Revenue NSW figures show police issued nearly 62,000 fines totalling $56.4 million from March 2020 to April 2022 for various COVID public health order breaches.
Of these, 50,000 fines were issued between July and September last year for breaches such as not wearing masks, travelling further than five kilometres from home, gathering in groups, and breaking curfew in the 12 local government areas of concern, but most fines were written out as general breaches without specifying the offence.
Most fines are now at the enforcement phase, which means people could have their possessions seized, money taken from their bank accounts, their car registrations cancelled and their driver’s licences suspended.
Redfern Legal Centre solicitor Sam Lee said many people on low incomes could not afford to pay the fines, which were as high as $5000 at the height of the lockdown in 2021.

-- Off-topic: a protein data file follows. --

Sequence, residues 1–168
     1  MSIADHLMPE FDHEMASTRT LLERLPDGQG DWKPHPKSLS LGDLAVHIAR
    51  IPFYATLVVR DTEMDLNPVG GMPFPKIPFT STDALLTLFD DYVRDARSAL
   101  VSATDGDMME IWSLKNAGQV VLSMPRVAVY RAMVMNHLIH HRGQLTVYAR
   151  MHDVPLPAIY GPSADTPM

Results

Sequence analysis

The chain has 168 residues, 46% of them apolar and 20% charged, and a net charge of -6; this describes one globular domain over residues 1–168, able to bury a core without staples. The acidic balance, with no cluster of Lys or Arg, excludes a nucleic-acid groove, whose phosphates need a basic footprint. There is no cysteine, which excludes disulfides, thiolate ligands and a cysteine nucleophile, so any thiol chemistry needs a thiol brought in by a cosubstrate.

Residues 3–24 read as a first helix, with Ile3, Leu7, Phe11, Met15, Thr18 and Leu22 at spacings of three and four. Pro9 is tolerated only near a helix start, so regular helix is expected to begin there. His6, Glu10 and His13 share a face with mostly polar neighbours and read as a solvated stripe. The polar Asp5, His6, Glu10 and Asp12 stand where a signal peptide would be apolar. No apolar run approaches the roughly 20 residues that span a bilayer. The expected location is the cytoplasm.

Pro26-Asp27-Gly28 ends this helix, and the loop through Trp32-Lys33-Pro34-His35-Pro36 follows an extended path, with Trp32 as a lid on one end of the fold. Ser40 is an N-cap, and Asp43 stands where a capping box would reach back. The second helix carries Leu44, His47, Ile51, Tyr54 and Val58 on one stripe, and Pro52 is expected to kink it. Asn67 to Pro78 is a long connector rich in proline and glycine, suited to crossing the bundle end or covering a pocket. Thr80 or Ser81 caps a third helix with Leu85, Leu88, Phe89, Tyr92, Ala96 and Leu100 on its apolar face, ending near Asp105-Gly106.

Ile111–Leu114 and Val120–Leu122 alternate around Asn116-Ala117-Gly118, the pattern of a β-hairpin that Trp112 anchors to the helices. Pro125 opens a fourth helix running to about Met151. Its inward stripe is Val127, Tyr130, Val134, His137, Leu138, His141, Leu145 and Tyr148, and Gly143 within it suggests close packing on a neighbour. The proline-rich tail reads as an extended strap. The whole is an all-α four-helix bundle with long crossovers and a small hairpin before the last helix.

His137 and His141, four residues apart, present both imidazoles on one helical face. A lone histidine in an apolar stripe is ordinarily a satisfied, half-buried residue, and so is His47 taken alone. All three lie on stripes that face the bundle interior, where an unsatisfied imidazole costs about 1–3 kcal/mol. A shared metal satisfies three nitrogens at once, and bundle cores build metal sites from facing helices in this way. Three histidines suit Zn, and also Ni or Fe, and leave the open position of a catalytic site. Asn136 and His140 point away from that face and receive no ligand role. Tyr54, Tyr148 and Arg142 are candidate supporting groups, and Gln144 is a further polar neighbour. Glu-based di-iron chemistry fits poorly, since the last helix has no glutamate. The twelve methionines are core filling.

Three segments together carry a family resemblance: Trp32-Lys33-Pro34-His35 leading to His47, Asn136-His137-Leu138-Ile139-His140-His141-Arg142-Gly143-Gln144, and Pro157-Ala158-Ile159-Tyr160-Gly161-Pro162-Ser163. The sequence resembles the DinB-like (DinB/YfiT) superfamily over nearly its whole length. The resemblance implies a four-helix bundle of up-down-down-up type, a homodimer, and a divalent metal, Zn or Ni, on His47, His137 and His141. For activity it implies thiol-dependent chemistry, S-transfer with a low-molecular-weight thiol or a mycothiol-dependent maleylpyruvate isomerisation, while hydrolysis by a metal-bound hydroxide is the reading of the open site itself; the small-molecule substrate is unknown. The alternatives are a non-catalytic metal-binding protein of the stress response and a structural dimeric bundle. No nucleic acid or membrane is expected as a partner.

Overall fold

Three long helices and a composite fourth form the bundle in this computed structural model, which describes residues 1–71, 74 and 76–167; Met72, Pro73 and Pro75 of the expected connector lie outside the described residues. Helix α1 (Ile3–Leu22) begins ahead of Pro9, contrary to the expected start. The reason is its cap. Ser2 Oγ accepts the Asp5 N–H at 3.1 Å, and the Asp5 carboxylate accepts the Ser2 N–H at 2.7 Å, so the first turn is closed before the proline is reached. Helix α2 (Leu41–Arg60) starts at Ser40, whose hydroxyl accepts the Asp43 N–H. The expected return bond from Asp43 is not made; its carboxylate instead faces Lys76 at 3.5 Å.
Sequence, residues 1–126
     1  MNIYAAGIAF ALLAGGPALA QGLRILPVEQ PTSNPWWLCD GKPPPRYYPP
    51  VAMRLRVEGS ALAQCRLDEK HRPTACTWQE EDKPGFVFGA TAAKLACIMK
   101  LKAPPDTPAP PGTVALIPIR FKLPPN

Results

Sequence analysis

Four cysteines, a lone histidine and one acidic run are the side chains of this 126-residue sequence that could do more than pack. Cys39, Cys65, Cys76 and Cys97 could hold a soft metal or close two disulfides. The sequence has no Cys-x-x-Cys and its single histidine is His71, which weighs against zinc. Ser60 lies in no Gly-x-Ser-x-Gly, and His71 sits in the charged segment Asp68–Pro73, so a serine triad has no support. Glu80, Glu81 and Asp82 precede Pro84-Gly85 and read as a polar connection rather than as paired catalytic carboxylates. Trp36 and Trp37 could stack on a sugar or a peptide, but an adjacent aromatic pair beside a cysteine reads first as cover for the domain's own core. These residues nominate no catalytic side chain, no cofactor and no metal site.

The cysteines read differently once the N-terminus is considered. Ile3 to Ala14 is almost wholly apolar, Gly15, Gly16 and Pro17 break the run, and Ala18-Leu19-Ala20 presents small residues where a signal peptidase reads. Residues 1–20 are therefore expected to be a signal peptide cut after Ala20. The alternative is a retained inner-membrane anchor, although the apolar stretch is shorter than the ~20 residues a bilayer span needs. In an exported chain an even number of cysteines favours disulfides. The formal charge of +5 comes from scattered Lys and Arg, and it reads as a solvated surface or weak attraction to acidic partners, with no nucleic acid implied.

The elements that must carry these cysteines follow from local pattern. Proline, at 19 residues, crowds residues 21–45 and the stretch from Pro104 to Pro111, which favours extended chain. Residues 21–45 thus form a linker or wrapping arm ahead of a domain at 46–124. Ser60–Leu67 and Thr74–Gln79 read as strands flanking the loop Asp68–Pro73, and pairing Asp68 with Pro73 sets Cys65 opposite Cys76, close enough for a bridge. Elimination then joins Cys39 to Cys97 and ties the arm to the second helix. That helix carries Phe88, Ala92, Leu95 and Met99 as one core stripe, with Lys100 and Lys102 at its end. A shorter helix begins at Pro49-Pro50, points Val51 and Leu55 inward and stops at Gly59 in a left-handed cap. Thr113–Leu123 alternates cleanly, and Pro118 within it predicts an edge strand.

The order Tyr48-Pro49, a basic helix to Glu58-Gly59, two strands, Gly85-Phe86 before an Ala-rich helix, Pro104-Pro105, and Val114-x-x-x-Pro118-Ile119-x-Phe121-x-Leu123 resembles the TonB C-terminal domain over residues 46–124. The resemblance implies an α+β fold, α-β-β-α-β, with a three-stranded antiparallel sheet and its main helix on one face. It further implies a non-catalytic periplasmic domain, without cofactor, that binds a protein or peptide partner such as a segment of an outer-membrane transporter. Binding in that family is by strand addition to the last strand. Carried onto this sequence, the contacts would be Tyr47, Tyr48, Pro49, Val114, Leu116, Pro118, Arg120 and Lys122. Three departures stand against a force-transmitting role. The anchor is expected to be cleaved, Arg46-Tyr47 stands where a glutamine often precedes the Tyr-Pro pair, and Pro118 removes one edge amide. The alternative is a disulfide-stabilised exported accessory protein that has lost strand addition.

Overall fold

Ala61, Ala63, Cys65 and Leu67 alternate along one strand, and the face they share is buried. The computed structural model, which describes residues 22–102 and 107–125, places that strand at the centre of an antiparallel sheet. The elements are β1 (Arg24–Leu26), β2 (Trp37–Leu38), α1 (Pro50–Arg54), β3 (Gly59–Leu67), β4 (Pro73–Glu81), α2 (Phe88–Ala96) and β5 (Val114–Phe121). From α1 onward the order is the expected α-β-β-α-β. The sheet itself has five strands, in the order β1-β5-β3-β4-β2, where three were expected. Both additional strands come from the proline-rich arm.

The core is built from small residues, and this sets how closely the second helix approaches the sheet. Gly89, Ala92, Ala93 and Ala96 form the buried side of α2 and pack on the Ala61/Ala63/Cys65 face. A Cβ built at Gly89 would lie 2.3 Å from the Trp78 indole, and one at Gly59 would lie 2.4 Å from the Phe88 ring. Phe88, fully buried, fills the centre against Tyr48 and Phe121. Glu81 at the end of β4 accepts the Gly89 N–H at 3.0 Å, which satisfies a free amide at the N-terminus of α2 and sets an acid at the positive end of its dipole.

“People are struggling to keep up with the cost of living and these fines went up around 200 per cent during the pandemic,” Lee said.
However, Lee said in her experience people who elected to fight the fines in court were usually successful, often because police withdrew the charges after being shown why the fine was issued incorrectly.
“What we found with these COVID fines is a majority of them, in our experience, were not issued according to law, so it’s a due process issue rather than a public health issue,” she said.
“I don’t necessarily blame the police because the orders kept changing so rapidly that no one was keeping up properly. It was inevitable that the outcome was going to be badly issued fines.”
Nearly 3000 people representing $3.8 million in unpaid fines have chosen to fight the penalty in court.
But Lee said many people could not take the risk of legal action because it then became criminal proceedings rather than a fine, and the court could impose a higher fine or a criminal record.
We are recruiting for a dynamic person who enjoys working in a client facing role to assist people
experiencing disadvantage to navigate the legal assistance sector, and to train and mentor law
students in client intake. This is an identified role for an Aboriginal or Torres Strait Islander person